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October 11, 2011 / KristenMakes

Enter the Lace Chart…

da Da DAAAAA….

It is time to begin the lace yoke, the next step in our Newbie & The Knitter Knitalong!

You knitters have been so patient with our crazy schedules, and everyone’s work is looking great on the Flickr Group too!  I must again apologise for the slow pace we have had thus far but I think we have found our stride and are going at a good pace!

So, we have Cast-on, knitted the first few rows, and now we are ready for the chart!  Before following this post, peruse through the Chart Patterns section in the Cadence pattern to familiarise yourself with the steps.

This chart is pretty ingenious in that within the lace pattern, it incorporates the increases that must occur to get from neckline to shoulders.  Now every size of the pattern has to increase a different amount of stitches at a different rate, so the pattern explains to follow the chart WHILE SIMULTANEOUSLY following the appropriate rate of sleeve and body increases.  It can be quite confusing for a newbie to follow 2-3 sets of instructions at once, so I tried to make it easier for everyone:

Now I’ve gone ahead to work and rewrite the chart to incorporate the sleeve and body increases for each size.  All you need to do is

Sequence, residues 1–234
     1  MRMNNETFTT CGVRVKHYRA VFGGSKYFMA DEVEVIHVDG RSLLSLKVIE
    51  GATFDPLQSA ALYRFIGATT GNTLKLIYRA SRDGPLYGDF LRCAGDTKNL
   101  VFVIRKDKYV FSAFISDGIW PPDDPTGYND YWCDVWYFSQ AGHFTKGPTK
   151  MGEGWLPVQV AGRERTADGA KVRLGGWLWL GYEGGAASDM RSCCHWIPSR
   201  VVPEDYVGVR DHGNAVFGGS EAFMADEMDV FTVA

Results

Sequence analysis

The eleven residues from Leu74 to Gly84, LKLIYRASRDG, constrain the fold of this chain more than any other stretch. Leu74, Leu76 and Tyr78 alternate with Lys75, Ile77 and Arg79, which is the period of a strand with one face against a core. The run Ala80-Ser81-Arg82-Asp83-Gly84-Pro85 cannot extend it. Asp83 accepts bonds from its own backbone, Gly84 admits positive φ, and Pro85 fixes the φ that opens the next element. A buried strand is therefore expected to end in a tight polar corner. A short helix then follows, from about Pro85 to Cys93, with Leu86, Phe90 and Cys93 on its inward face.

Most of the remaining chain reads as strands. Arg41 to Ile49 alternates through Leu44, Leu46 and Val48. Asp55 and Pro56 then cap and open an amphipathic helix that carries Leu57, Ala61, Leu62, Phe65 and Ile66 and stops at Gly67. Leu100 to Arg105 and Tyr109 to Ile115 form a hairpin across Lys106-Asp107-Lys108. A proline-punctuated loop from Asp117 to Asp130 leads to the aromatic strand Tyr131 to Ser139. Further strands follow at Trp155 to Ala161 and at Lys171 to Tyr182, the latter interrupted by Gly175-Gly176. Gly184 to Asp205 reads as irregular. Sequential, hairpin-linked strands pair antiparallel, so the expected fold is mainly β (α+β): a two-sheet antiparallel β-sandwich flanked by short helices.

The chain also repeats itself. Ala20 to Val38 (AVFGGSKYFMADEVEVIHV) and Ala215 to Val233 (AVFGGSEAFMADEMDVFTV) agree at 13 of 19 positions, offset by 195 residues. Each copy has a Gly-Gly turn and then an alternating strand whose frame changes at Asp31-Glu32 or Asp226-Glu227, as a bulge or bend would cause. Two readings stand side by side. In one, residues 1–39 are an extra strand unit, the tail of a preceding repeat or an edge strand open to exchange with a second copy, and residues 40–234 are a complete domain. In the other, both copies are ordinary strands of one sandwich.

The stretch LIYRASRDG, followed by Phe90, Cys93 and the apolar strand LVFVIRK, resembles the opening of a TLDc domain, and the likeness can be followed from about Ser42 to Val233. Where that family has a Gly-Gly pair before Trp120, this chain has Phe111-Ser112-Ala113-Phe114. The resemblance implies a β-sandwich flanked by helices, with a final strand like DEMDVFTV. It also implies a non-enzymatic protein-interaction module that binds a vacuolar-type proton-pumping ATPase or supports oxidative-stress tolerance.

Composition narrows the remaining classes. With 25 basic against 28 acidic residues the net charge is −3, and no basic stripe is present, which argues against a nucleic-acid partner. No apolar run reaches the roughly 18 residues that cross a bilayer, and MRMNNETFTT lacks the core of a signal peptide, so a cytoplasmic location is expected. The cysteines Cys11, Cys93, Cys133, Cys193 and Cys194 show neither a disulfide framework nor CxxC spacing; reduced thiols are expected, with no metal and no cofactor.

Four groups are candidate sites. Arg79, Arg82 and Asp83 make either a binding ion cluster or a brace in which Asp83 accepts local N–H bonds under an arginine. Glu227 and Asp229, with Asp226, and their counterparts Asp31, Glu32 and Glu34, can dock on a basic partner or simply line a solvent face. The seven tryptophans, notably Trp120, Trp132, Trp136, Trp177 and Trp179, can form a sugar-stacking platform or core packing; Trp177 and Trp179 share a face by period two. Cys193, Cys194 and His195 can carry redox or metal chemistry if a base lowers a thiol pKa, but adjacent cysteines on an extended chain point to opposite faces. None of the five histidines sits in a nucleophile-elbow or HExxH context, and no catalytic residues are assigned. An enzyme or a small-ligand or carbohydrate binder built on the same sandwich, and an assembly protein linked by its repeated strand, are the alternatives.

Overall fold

1.  Download the excell spreadsheet from the link here:  Chart_all sizes

2. Find your size from the size tabs below (options are XS – 31″ bust; S – 35″ bust; M – 38.5″ bust; L – 42.5″ bust; 1X – 47″ bust; 2X – 51″ bust; 3X – 54.5″ bust).

3.   Use the chart to follow when to do an increase row while following the chart.

The chart I’ve written is the very same chart from the pattern, I’ve just altered it so that each size can see the other steps that the need to follow at the very same time.   The way I like to follow chart from my computer is to highlight the row that I am currently working so that I can easily glance and see where I am or what sort of row I am on: